Cloud computing is the foundational enabler of Industrial Revolution 4.0 (IR4.0)
It is no exaggeration to say the Covid-19 pandemic has triggered an extreme spike in digital technology adoption, both at work and at home.
As physical distancing becomes unavoidable, two aspects of digital adoption have now become highly prioritised.
We rely increasingly on digital tools, from paying our bills to buying our groceries and even to staying connected with loved ones. Just look at how video calls have overtaken voice calls in popularity these days.
At the same time, digital tools are more sophisticated, as much of office work has become mobile. For example, high-speed cloud storage and high-definition multi-channel video conferencing are now widely accessible.
As another definite sign of change, customer service software outfit Zendesk recently reported a spike in usage of between 150% and 230% among new adopters who were previously reliant on bricks-and-mortar outlets, such as restaurants and grocery brands.
Global internet exchange operator DE-CIX has seen data traffic rise 20% for its internet nodes worldwide since March — comprising a 50% rise in video conferencing traffic and a 25% increase in cloud gaming.
At Telekom Malaysia Berhad (TM), we have seen a more than 30% increase in usage trend during the Movement Control Order (MCO) period. Fortunately, our extensive and diverse network connectivity both nationwide and worldwide has comfortably supported the sudden spikes in internet bandwidth demands.
Recently, the Malaysia Internet Exchange, MyIX, reported the highest-ever peak of internet traffic at 532Gbps after the start of the MCO on March 18, 2020 — an increase of 6.4% from 2019’s highest traffic peak point record of 500Gbps.
Essentially, the pre-Covid scenario, which was already seeing a steady rise of digital adoption across multiple sectors, has transformed into what is virtually a digital revolution of sorts. Today, we are seeing a major uptick in organisations embracing all things digital to solidify their business survival and build growth for a new normal. All sectors in Malaysia need to take full advantage of digital means to secure success in the new era.
Using the cloud to power through a crisis
Many companies have enhanced their adoption of cloud services to bolster their digital infrastructure backbone to support remote working more efficiently — as well as to deliver digital services to their customers.
However, we have heard some cases of organisations experiencing IT infrastructure failure during the MCO, arising from unforeseen spikes in traffic. These are critical organisations that serve and support the nation, especially during our ongoing battle with the global pandemic.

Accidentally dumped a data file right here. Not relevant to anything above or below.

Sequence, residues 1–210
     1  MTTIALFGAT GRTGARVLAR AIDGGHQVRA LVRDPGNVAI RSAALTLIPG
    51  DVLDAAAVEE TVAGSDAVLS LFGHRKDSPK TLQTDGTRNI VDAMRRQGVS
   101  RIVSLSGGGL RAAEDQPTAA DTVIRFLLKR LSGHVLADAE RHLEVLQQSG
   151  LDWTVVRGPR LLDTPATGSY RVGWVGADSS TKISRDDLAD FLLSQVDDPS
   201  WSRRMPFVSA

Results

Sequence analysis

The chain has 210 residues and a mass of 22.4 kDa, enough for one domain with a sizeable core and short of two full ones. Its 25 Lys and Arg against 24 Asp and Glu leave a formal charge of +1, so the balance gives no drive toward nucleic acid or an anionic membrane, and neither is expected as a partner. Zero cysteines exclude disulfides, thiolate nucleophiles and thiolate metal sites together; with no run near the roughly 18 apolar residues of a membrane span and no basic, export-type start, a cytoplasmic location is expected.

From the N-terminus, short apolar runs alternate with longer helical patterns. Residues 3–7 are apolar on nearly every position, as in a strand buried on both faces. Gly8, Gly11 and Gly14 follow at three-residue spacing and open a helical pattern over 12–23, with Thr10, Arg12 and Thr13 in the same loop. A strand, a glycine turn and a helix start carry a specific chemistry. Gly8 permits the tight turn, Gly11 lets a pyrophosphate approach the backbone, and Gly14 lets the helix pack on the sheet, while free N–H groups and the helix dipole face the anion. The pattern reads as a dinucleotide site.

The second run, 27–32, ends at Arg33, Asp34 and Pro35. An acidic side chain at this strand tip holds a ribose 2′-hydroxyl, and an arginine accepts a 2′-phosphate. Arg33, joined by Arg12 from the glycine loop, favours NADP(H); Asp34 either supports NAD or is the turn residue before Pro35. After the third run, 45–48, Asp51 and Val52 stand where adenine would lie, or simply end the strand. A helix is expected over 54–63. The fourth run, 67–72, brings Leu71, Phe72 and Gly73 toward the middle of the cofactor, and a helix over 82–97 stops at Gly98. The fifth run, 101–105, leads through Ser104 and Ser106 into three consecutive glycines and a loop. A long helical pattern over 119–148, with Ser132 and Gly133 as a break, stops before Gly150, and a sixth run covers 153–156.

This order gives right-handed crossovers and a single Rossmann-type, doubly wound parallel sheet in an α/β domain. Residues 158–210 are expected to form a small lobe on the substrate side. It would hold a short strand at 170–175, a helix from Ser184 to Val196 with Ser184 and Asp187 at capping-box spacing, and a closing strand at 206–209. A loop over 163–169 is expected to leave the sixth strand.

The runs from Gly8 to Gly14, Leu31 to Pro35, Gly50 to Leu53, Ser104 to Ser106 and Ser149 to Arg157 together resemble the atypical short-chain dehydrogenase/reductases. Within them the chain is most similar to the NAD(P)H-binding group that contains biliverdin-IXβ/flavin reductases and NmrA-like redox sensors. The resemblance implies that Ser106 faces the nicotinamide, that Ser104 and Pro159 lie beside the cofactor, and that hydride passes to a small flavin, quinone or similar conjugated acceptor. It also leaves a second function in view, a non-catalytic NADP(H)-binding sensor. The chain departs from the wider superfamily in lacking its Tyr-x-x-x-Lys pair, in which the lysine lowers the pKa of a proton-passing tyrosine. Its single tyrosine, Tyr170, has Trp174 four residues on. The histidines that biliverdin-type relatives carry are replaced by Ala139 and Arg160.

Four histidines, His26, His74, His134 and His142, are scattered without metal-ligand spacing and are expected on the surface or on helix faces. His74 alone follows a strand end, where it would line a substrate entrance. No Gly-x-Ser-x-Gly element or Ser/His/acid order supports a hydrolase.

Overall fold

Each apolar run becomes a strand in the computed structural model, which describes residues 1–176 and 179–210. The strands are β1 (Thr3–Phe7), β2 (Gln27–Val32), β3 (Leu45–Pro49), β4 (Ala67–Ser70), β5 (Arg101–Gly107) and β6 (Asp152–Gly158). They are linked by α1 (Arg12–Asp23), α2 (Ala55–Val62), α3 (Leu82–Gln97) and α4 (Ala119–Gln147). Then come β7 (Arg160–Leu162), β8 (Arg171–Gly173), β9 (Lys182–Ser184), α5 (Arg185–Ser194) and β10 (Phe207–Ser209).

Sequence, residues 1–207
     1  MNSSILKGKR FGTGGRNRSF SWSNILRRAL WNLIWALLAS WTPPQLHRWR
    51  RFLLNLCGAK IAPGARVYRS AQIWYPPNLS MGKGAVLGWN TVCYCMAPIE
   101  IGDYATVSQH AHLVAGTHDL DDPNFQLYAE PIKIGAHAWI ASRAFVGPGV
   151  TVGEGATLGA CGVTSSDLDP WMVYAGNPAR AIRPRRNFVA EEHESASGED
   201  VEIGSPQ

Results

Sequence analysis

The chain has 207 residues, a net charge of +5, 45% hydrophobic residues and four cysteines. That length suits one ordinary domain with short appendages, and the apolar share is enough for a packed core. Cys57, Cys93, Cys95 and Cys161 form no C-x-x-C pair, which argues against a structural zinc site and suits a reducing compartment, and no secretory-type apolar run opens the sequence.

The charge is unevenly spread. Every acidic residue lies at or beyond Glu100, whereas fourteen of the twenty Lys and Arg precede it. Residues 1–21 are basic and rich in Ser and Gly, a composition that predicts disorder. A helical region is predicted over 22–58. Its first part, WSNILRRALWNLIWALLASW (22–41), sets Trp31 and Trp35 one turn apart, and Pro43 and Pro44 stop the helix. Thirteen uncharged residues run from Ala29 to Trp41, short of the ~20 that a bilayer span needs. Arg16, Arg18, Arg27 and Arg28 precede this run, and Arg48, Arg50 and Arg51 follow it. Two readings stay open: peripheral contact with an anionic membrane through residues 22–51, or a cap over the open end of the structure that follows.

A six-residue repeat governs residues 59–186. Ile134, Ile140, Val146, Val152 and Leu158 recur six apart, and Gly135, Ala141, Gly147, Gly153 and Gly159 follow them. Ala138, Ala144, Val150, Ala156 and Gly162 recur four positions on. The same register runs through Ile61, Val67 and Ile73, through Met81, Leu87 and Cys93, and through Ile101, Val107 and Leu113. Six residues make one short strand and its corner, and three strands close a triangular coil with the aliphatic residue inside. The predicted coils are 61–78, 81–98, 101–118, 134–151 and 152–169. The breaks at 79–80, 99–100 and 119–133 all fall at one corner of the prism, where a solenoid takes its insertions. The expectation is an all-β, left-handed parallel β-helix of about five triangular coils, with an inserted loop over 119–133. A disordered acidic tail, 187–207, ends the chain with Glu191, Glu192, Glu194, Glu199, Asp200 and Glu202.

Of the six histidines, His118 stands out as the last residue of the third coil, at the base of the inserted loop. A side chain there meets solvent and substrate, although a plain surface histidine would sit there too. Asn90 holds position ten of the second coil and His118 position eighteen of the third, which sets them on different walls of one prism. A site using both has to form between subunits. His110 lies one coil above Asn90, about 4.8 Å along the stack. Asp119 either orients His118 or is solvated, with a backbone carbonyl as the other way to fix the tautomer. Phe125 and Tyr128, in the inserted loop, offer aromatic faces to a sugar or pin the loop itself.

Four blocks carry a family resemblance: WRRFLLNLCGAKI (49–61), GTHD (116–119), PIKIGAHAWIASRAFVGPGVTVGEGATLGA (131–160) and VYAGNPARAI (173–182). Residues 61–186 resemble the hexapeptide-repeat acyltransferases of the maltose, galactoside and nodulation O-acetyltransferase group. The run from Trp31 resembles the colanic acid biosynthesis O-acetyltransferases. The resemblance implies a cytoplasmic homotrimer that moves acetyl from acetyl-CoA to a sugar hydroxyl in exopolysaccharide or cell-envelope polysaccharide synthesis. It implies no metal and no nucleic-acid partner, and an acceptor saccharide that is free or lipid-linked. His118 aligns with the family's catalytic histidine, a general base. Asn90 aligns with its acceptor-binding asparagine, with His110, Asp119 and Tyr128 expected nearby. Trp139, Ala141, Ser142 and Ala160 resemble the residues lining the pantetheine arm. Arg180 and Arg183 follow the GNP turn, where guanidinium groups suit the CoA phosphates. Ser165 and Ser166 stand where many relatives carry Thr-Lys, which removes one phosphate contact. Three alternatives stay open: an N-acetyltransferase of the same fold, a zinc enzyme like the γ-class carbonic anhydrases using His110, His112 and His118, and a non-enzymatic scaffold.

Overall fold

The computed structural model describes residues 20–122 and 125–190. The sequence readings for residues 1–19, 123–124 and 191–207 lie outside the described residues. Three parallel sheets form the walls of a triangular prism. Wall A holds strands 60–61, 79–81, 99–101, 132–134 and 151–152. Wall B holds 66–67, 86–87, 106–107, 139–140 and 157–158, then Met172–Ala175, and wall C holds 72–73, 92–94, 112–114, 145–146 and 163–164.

Such disruptions necessitate an overnight infrastructure upgrade, which demands careful and intelligent handling.
The current challenge for many enterprises and public sector bodies lies in whether their IT infrastructure is robust enough to accommodate any temporary increase in traffic. The upsurge in working from home has led to frequent spikes in demand for bandwidth, and we can expect this trend to stay.
The obvious answer rests in an all-cloud approach for organisations. The cloud is accessible from anywhere, at any time, and is immediately scalable, which addresses the challenge of network spikes.
The cloud is the backbone of future growth
Moving forward, many companies face challenges arising from different forces, which include shifts in consumer behaviour, technical disruptions and global uncertainties. We see the cloud as an inevitable trajectory to power future growth. Cloud computing, in its myriad formats, offers the agility, flexibility, scalability and security to meet corporate needs rapidly.
Currently, many organisations remain highly reliant on internal IT environments to host and run their business-critical applications. As we move forward, on-premise networks will no longer be sufficient to guarantee the availability, reliability and quality of service required to meet the challenges of a digitalised world of demanding customers.
Some organisations will, of course, choose to retain certain functions and information in-house on internal servers. However, these organisations will still be able to enjoy the benefit of speed and efficiency from the public cloud, by adopting an increasingly popular hybrid approach whereby any non-mission critical workloads may be implemented externally, while retaining certain workloads on-premise or in a private cloud.